And Now for Something Completely Different – Re‐inventing and Re‐energizing your Events!To keep members coming back and to...
How do I get buy‐in from all generations to attend one meeting?Regardless of the generation, everyone has to see value in ...
Try some “kids” games on the adults.What are some new ideas on promotional items and/or giveaways?Make it something they w...
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And now for something completely different

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Transcript of "And now for something completely different"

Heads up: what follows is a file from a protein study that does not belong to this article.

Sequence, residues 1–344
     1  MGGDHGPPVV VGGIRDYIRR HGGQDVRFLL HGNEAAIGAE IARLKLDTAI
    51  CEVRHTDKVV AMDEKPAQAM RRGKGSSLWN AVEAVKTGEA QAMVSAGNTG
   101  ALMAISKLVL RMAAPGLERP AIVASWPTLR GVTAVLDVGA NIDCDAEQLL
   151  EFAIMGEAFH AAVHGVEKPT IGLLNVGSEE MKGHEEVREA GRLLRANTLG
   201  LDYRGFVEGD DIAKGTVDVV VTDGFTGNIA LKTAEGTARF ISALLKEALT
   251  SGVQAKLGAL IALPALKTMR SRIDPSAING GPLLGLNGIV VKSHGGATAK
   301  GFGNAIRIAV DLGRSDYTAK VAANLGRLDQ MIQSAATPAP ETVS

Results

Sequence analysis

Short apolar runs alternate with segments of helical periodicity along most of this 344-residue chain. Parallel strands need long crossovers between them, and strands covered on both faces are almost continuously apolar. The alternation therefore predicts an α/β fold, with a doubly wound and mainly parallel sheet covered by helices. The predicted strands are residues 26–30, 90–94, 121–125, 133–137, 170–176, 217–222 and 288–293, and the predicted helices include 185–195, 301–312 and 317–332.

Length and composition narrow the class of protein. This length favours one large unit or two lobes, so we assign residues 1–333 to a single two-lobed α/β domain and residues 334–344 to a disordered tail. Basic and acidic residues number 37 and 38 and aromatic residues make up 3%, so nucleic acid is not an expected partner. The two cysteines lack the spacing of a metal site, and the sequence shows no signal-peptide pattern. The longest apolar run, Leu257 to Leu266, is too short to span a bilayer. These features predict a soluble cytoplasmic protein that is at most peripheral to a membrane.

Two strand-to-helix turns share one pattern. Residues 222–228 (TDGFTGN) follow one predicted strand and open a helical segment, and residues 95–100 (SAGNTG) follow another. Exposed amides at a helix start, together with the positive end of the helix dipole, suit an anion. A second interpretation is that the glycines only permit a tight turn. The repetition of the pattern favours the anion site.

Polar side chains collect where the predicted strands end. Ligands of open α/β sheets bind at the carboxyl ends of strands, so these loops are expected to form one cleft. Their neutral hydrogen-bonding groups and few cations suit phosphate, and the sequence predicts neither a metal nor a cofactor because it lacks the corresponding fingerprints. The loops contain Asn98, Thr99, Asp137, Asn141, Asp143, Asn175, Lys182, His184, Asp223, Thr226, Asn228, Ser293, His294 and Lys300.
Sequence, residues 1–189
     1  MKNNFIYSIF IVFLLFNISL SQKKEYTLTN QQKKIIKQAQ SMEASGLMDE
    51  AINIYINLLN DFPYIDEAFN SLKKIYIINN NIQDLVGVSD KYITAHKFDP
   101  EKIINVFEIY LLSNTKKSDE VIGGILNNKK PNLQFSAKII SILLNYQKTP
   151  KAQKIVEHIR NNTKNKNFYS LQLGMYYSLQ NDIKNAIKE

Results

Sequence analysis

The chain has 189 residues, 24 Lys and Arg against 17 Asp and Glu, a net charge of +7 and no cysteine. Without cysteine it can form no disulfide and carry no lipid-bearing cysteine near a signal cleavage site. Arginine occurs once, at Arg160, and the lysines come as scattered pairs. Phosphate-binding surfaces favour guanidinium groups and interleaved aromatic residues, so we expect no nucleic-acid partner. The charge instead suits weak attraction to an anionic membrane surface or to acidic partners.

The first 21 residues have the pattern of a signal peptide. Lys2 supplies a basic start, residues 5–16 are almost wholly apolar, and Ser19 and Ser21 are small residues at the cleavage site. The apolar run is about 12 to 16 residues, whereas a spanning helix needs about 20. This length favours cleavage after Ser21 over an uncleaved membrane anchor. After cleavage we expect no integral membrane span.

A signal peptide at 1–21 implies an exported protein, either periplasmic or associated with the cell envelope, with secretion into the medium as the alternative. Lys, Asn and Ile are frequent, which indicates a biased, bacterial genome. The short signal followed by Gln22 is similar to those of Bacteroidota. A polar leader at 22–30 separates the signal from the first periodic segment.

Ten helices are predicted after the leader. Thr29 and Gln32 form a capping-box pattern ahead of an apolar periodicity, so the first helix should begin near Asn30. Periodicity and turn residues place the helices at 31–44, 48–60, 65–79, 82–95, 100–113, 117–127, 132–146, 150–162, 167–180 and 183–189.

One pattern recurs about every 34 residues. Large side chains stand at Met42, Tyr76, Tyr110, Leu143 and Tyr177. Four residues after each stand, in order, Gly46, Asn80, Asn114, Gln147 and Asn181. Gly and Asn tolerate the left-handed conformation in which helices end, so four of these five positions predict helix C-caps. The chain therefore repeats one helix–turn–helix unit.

1. 1. And Now for Something Completely Different – Re‐inventing and Re‐energizing your Events!To keep members coming back and to bring new people to your events requires that you exercise yourcreativity. Since you can’t think of everything yourself, the best way is to get ideas from others. Thisshort session generated lots of great ideas and there are more to be found by simply asking, looking andbeing open to trying new things.Rather than the usual “sit and get” format, the session modeled a new way of providinginformation/content by having the session participants share ideas to questions they developed. Basedon the premise that the smartest “person” in the room is “the room” (all the people in it), the resultswere an outpouring of ideas on how to energize your events. Each person wrote down a question. Thequestions were shared with the group. Each table took one question and 20 minutes to generate ideas.Then the ideas were shared with the entire group. Here are some of the results:How do you keep attendees at the end of the meeting?Have the most important information or best speaker at the end.Conclude with a breakfast before checkout.Give away the biggest prize at the end and you have to be present to win!How can you change your event with limited budget and participants who may seem to like the statusquo?Making events more attractive requires exercising creativity… moving out of the comfort zone. Jeff Hurtof Velvet Chainsaw Consulting has suggested that you reserve 10% of your conference content 6 weeksout to fill with breaking issues, need‐to‐know information, etc.Start with changing 25% of your event; tell attendees that you are going to try something new and thatyou want their feedback.Get input from event planners.Look at programs that similar associations have done and talk with their staff.Ask the property for suggestions on budget saving items; they want you to have a good experience andcan work with you.Can’t afford the great speaker; ask a vendor if they want to “sponsor” the person and then give themthe opportunity to introduce the speaker (stage time).How can I get more value from speakers?Book multiple events with the same speaker either at different times or have them do a keynote andthen a breakout or special breakfast with your VIPs or board members at your event?Check to see if they are speaking nearby and then share the travel expenses with another group.Approach them directly.Inquire about whether they would be willing to do a YouTube video to help promote your event.Ask if they would be willing to have their presentation taped and archived for a future audio conference(and get a sponsor to pay for this ‐‐‐with of course their ad appearing in the audio/video),Offer them a display and opportunity to sell books, tapes, etc.Since speakers attend many events, ask them for ideas of things they have seen work at other events.Be honest about your budget.